From our perspective, this has always been something of a “no brainer.” While we understand that the state is not to sanction any one religion, we’ve always understood the Constitution to allow people voluntarily to participate in prayer at any time—and, at the same time, allow people to not participate if they so choose. Same with schools. We don’t believe anyone should be forced to pray with a group, especially if it violates their own spiritual traditions, but that should not prevent others from exercising their right to pray publicly as individuals or groups.
We understand the fears that some people have regarding bodies favoring one religion over another. But, we reserve concerns until that’s put to the test. We believe the high court got it right. And, this nation and it’s leaders from the local level on up certainly could use some prayer as they make their decisions.
Supreme Court upholds official prayer before public meetings
THE ROCHESTER DEMOCRAT AND CHRONICLE
Susan Galloway sued the town of Greece, N.Y.
BY MICHAEL DOYLE
Star-Telegram Washington BureauWASHINGTON — The Supreme Court on Monday upheld the authority of local officials to start public meetings with a prayer.In a 5-4 decision that aligned with popular political practice, the court ruled that the pre-meeting prayers in Greece, N.Y., did not violate the First Amendment’s requirement to keep church and state separate.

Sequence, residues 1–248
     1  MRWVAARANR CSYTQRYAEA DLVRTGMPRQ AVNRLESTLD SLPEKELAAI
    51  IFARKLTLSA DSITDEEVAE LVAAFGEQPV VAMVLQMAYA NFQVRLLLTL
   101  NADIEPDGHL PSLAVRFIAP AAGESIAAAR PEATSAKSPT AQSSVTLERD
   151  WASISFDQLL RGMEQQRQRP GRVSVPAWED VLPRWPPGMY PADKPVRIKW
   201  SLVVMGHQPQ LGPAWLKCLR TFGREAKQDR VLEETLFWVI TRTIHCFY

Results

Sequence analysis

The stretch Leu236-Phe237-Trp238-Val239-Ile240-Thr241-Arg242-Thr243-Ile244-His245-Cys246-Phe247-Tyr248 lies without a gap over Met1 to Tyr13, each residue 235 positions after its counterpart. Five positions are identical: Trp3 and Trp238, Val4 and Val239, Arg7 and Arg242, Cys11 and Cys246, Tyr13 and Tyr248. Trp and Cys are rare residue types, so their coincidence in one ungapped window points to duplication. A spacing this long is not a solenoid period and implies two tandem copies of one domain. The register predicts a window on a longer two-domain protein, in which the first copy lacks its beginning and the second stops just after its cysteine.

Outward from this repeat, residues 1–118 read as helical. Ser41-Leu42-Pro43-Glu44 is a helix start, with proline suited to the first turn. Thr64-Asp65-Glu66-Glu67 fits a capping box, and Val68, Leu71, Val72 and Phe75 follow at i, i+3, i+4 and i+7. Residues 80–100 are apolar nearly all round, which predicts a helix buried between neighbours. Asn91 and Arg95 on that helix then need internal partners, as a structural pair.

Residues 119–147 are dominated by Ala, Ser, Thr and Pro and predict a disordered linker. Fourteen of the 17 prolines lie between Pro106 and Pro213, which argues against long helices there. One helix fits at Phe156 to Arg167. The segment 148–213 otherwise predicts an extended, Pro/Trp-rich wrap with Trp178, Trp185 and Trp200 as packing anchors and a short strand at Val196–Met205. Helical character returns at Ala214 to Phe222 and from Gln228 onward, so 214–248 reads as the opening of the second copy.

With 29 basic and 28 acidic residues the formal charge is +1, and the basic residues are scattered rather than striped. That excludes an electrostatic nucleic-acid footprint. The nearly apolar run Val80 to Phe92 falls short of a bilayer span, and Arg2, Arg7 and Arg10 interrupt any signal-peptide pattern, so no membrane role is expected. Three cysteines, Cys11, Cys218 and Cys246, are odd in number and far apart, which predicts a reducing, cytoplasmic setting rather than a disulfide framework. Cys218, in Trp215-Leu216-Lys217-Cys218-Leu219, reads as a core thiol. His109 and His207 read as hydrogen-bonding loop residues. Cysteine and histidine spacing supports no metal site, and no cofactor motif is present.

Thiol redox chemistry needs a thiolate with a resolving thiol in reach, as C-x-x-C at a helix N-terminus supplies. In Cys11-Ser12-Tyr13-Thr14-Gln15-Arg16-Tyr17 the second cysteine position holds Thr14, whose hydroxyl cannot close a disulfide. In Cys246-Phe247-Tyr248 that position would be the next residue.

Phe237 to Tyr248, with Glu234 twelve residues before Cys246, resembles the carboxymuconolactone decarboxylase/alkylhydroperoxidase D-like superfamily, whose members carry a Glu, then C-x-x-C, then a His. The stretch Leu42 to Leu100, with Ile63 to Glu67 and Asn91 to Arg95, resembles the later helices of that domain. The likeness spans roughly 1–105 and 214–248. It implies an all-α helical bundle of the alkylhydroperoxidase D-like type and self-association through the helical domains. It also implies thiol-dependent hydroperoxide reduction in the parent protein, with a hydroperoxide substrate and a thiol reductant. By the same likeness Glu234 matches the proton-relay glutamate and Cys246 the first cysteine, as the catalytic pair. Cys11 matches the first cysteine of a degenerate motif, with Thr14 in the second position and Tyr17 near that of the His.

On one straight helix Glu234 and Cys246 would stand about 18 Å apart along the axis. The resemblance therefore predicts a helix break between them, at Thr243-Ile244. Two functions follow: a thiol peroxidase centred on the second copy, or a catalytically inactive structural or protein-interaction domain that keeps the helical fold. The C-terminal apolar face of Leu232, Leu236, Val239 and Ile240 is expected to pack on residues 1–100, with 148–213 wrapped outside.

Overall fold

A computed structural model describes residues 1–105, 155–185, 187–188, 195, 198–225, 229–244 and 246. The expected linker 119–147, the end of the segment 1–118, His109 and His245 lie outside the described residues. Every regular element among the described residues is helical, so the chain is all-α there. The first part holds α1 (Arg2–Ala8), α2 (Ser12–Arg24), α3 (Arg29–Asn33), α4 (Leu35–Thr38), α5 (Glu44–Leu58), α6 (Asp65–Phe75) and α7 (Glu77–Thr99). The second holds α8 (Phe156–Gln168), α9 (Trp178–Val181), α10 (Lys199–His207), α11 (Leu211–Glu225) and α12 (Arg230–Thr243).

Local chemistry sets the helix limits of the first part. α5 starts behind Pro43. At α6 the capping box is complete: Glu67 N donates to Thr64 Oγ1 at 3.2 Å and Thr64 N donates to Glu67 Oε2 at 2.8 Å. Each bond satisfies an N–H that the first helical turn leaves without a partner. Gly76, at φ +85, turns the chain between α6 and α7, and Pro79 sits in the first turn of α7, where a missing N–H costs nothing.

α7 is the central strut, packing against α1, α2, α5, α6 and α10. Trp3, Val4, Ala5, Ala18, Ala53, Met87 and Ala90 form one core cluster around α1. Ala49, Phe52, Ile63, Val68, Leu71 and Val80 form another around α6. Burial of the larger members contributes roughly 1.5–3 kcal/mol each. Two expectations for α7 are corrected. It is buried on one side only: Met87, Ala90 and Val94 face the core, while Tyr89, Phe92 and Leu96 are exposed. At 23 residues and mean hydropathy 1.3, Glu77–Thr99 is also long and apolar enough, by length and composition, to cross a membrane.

“Willing participation in civic affairs can be consistent with a brief acknowledgment of … belief in a higher power, always with due respect for those who adhere to other beliefs,” Justice Anthony Kennedy wrote for the majority. “The prayer in this case has a permissible ceremonial purpose. It is not an unconstitutional establishment of religion.”
The divided ruling effectively retains the status quo, as many legislative bodies, including the House and the Senate, already start their sessions with prayer. The ruling also makes clear that prayers need not be nonsectarian in order to be constitutionally appropriate.